In recent years, meta-heuristics techniques (such as Tabu-Search and Genetic Algorithm) have been proposed in order to improve the best-tuning process for SVMs [2,3]. At the same time, also non-parametric approaches have been suggested for learning kernel function as combination of a preselected set of basic kernels (i.e. linear or convex combinations) using Semi Definite Programming (SDP) [4,5] or Genetic Algorithms [6]. The common idea of the parametric and non-parametric approaches (also known as Model Selection and Multiple Kernel Learning, respectively) is to specialize a single SVM classifier, identifying the most reliable parameters setting up for a SVM with fixed kernel, or the most suitable kernel function obtained as combination of a set of kernels.

An alternative and quite promising strategy is to combine different good-performing classifiers in order to exploit the advantages offered by each of them and reduce the risk to make classification errors on new unseen data [7-9]. Concerning this task (also known as Ensemble Learning), meta-heuristics based approaches have been recently proposed for optimizing a weighted voting systems [10] of SVM classifiers [11].

In this paper, we present an original “hyper-solution” SVMs classification framework able to perform, at the same time, Model Selection, Multiple Kernel Learning and Ensemble Learning. The idea is to take advantages of Tabu-Search (TS) or Genetic Algorithm (GA) meta-heuristics, in order to more efficiently search for the best hyper-SVM classifier, avoiding at the same time to test bad-performing configurations. The best decision model provided by the framework can be a SVM with a base kernel, a SVM with a linear combination of base kernels, or an ensemble of different base SVM classifiers. This basically motivates the use of the term “hyper-solution”.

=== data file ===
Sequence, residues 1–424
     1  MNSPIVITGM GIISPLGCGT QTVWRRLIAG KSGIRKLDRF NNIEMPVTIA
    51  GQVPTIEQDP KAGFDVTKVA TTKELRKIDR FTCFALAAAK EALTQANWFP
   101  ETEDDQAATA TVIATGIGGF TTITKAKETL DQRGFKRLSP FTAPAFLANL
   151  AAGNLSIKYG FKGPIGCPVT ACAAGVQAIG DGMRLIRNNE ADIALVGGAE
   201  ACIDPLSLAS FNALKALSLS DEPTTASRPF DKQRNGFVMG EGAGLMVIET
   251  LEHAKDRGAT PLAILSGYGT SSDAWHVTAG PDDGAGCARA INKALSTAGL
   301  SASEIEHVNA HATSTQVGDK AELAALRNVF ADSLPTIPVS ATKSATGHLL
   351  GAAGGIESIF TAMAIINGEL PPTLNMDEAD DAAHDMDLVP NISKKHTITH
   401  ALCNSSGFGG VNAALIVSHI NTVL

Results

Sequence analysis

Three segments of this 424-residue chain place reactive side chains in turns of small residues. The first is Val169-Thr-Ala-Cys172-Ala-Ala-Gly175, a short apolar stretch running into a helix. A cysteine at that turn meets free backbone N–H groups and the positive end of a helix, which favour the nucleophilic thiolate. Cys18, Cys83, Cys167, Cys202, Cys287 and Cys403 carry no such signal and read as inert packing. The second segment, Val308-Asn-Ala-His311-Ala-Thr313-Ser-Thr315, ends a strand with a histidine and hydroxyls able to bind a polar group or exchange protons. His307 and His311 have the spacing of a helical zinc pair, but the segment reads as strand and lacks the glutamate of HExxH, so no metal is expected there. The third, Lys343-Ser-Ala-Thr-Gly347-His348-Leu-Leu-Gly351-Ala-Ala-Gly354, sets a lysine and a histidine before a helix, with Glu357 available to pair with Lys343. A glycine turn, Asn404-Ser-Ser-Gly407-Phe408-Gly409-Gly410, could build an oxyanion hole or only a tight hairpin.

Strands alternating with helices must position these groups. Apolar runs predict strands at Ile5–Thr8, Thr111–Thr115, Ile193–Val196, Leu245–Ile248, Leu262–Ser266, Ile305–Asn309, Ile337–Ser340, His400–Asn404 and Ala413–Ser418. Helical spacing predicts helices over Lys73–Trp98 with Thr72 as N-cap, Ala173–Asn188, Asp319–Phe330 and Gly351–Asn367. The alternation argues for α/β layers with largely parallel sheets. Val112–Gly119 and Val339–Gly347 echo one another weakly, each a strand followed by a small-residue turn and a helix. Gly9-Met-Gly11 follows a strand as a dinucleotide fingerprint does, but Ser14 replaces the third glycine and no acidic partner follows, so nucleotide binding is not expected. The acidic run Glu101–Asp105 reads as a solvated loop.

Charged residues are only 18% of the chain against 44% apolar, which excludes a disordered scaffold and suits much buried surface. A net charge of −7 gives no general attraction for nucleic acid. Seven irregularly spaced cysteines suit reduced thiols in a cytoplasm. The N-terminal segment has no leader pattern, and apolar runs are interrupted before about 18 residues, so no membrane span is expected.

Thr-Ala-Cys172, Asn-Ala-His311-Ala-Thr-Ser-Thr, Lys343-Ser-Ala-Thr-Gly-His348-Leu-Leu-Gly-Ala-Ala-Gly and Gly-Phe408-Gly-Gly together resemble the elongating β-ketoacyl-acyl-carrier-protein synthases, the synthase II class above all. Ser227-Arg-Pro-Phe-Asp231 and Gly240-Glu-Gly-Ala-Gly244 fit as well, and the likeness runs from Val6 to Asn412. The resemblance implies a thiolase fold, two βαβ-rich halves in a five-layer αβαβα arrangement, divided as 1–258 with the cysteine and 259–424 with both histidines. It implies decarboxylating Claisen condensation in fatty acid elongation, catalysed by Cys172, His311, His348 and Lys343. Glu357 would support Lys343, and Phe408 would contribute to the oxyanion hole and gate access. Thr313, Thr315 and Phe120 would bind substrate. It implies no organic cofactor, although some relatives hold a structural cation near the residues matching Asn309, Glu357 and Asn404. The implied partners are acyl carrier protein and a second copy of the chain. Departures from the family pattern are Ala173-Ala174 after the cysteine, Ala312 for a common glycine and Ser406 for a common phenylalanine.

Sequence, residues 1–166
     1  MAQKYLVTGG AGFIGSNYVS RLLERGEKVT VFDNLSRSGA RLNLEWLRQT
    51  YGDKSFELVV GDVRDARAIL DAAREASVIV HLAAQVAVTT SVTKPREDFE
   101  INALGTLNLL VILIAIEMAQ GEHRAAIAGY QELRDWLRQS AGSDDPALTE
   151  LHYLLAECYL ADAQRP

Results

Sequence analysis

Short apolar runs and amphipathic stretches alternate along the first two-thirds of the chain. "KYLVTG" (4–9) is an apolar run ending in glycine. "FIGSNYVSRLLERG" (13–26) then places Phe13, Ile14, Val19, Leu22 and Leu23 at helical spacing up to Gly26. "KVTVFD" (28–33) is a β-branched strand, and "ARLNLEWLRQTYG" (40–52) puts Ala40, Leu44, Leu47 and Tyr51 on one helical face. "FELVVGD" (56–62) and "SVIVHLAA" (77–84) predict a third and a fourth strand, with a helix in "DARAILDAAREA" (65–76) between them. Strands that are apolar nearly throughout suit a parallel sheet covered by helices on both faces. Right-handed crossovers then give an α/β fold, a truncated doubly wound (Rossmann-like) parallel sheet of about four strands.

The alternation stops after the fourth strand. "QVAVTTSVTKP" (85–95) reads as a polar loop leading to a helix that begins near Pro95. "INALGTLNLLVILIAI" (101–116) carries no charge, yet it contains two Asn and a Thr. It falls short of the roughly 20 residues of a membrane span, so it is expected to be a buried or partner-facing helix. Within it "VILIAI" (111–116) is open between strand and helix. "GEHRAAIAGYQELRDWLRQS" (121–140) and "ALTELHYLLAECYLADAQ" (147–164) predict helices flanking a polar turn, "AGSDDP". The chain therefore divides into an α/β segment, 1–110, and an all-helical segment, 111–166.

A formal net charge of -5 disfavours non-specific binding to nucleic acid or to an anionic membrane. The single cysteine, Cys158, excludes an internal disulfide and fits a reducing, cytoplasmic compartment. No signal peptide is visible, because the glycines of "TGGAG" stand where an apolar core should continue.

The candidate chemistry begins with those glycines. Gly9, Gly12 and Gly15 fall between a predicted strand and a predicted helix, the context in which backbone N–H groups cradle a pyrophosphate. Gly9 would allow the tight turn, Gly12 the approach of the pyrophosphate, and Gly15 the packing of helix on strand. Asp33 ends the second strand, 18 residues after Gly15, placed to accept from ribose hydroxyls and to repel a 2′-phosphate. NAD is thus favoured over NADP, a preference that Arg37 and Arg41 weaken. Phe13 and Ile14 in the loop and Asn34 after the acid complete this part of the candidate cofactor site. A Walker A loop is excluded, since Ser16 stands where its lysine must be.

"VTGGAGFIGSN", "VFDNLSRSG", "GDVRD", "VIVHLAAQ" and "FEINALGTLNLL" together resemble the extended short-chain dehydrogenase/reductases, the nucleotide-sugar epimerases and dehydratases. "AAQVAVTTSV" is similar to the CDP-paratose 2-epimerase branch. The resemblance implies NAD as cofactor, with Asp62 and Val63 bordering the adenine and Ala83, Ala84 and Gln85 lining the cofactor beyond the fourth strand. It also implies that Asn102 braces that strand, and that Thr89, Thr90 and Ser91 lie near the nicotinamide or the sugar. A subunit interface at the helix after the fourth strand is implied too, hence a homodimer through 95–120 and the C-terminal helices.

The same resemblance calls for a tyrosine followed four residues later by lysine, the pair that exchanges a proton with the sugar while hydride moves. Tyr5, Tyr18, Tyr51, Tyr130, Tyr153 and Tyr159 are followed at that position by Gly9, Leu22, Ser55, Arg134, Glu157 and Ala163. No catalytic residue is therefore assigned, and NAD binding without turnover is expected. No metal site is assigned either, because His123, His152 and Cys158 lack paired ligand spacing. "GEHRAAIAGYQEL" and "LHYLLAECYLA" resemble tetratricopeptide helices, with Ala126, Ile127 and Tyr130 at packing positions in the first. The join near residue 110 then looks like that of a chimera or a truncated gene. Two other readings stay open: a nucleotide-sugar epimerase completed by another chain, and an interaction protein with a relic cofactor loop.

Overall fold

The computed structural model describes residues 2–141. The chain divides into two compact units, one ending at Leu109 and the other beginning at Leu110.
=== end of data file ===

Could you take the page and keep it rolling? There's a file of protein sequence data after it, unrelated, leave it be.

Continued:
The proposed framework has been specifically developed and used in order to identify an objective and simple criteria for predicting new destabilizations in Chronic Heart Failure (CHF) patients: a crucial mid-long term goal for the management of these patients. Under this respect we have used a dataset of 301 instances. Each one is a collection of some clinical parameter measurements, easy to be acquired, in an automatic or semi-automatic way, also directly by patient at home. For each visit (instance), patient was in a stable condition and the class label was identified by the condition at two weeks later evaluated by clinical domain experts.

The paper is organized as follows. In section 2, we briefly outline the main characteristics of chronic heart failure clinical domain. In section 3, we describe the relevant data set, the implemented meta-heuristics (Tabu-Search and Genetic Algorithm) and the experimental framework. The obtained results and relevant discussion is the content of section 4. Finally, some conclusions complete the paper.


Chronic Heart Failure (CHF) is a complex clinical syndrome which impairs the ability of the heart to pump sufficient blood to cover the body’s metabolic needs. This can severely affect patient’s ability in their normal daily activities, and it is a leading cause of hospital admissions and deaths, as well as a strong impact in terms of social and economic effects [12,13].

CHF prevalence increases rapidly with age [14], with a mean age of 74 years, and the increase in the proportion of elderly population concurs in rising prevalence of heart failure. In particular, according to the European Society of Cardiology, there are at least 10 millions of patients with heart failure in the European countries.

Even though heart failure is a chronic syndrome, it does not evolve gradually. Periods of relative stability alternate with acute destabilizations. During a stable phase the crucial mid-long term goal should be to predict and, hopefully prevent, destabilizations and death of the CHF patient, reducing the burden of heart failure on the healthcare system while improving quality of life of the affected patients.